2015-02-02 21:21:00 GMT
This article has a new home! Read it here alongside other conversations with Sal.
2015-01-20 19:14:00 GMT
Back in 2008, Khan Academy started as a simple library of YouTube videos, but has grown to become so much more. Over 15 millions students per month are learning across the platform through video lessons, tutorials and interactive exercises.
In our mission to build a free, world-class education, we’ve heard from students that they want to learn and practice on tablets: it’s easier to access whether you’re at school, on the couch or doing homework with friends. For the past few years we’ve offered a great video viewing experience on iPads - today, we’re excited to introduce the next step in Khan Academy’s mobile story: bringing interactive, personalized learning to the iPad with math exercises, handwriting recognition and more.
So what’s the story? This is the first time that the entire library of Khan Academy has been made available on iPads!
Our app has been built for speed - it’s the easiest and most personal way to access all of our content. We also wanted to build features uniquely suited for the platform, like our beautiful scratchpad that you can use to jot down your thoughts and work through problems in the app.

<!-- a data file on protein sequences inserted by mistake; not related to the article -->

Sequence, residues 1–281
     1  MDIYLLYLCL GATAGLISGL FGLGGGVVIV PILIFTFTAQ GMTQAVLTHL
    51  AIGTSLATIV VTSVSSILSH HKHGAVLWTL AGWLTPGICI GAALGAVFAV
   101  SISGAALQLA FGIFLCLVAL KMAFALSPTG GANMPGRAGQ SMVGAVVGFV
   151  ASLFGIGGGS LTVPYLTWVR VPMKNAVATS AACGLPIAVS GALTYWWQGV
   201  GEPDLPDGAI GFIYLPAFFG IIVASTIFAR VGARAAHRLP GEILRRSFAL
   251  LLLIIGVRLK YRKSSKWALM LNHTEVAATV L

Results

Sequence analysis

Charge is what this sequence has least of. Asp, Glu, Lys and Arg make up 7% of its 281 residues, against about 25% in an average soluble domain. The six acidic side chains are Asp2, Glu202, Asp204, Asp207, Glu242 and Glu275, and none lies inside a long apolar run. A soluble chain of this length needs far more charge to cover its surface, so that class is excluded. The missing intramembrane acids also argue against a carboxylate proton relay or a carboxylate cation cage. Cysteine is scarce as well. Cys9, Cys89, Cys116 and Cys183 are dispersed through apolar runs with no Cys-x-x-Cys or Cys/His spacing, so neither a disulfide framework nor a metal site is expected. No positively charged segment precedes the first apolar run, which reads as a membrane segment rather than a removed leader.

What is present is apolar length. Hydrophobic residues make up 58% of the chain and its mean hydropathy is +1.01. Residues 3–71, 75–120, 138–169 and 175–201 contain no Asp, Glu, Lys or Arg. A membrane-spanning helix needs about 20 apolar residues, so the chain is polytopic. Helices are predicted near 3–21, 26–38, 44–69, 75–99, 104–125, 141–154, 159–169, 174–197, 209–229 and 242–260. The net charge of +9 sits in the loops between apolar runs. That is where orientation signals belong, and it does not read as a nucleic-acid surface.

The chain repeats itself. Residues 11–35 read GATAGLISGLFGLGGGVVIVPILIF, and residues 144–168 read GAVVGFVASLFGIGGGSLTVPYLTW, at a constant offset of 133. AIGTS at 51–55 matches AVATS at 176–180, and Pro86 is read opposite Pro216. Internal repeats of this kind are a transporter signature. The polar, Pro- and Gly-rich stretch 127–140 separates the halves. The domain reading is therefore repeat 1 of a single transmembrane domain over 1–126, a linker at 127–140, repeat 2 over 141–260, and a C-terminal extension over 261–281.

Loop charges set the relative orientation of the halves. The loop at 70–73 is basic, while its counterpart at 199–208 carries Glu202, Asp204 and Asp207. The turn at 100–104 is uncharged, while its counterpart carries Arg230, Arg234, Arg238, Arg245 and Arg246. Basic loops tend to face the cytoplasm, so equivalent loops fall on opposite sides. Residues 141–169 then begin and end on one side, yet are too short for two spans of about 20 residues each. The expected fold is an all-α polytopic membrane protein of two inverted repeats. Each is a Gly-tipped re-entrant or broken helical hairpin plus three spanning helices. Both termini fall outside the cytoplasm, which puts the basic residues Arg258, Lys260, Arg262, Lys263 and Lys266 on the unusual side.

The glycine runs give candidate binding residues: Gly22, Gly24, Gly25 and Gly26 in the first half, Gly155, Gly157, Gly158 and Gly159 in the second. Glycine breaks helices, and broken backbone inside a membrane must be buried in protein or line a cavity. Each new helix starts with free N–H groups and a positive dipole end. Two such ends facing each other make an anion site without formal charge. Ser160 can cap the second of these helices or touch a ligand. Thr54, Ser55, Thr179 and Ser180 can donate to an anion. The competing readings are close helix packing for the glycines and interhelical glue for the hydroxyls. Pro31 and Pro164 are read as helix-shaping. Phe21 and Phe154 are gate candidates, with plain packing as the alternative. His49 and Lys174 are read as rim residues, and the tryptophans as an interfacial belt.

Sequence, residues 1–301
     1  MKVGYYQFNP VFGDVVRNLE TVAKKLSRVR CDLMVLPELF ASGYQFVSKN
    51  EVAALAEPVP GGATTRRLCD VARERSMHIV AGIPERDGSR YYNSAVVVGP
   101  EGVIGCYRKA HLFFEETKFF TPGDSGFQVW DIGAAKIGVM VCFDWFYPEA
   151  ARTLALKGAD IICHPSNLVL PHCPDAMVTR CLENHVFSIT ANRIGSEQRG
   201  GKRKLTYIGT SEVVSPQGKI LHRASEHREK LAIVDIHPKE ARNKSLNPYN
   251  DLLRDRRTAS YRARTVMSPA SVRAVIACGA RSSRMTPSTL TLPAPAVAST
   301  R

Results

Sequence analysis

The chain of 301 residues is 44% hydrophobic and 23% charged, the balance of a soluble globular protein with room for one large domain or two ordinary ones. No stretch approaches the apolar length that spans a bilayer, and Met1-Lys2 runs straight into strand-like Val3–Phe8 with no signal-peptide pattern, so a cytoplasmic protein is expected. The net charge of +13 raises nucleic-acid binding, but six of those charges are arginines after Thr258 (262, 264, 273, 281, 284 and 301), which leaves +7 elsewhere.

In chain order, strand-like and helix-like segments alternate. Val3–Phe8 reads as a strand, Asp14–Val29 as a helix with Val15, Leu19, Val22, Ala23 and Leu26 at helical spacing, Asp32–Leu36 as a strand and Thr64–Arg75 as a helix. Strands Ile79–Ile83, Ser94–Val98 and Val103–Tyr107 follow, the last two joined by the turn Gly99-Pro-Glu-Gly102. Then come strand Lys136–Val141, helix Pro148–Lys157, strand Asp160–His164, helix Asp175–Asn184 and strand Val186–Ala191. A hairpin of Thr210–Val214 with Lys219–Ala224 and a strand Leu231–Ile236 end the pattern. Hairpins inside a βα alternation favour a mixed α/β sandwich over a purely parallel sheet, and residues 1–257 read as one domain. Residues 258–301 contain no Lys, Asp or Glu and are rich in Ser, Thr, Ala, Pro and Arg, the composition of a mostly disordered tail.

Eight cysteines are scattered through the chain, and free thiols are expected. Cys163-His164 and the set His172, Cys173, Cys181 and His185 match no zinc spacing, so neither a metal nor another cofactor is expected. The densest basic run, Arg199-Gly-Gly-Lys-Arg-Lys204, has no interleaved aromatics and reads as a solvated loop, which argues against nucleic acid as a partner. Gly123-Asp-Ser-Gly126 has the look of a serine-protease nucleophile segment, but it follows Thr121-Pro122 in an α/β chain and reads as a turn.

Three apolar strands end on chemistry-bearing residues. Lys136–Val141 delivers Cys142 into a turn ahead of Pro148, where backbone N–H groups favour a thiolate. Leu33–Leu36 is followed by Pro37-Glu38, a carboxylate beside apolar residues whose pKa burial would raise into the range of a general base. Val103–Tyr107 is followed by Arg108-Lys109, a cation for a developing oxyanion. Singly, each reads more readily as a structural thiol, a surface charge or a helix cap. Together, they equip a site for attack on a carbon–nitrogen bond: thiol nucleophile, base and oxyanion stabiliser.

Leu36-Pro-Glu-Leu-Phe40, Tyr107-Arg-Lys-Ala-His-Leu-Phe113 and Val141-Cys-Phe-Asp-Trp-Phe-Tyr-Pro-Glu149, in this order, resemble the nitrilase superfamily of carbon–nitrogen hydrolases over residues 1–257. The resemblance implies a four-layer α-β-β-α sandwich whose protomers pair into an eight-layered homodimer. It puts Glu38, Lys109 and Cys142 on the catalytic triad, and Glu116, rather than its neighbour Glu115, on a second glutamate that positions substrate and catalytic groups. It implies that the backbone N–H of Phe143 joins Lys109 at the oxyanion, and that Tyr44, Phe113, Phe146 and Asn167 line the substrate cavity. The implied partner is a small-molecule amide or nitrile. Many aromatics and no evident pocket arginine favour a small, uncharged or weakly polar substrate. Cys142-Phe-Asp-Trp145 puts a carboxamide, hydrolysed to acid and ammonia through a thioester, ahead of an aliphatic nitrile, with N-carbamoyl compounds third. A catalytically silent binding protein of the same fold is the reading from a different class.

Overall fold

Our new app has brand new ways to help you learn math and more on the iPad:
Sharpen your skills: over 150,000 interactive, common core aligned exercises with instant feedback and step-by-step hints for each question. Follow along with what you’re learning in school or practice on your own, at your own pace.
Flex your muscles: the app adjusts to give you interactive exercise recommendations that are tailored just for you through the world of math.
Show your work: the app harnesses the power of showing and stepping through your work with a beautiful, expansive scratchpad. Once you have your answer, just write it in, and we’ll recognize your answer!
Track back: your learning auto-magically syncs between your iPad and khanacademy.org, so your progress and recommendations are always up-to-date, anywhere, anytime.
We’re excited that this can help you learn almost anything: we’ve put together thousands of videos on science topics such as biology, chemistry, and physics, and the humanities with tutorials on art history, civics, and finance, too. Our new app has a new, expansive design that highlights our content and makes it more efficient for students to access content at the right level and puts you a few touches away from our full library of videos, articles, and exercises.
This app would not have been possible without the generous support of our donors. It’s available now - download it here and be sure to let us know what you think in the comments below!
2015-01-15 19:31:00 GMT
It’s a big day for Khan Academy - we’re officially opening registration for our first ever LearnStorm! If you’re a 3rd-12th grade student in the Bay Area, you can sign up now at www.learnstorm2015.com.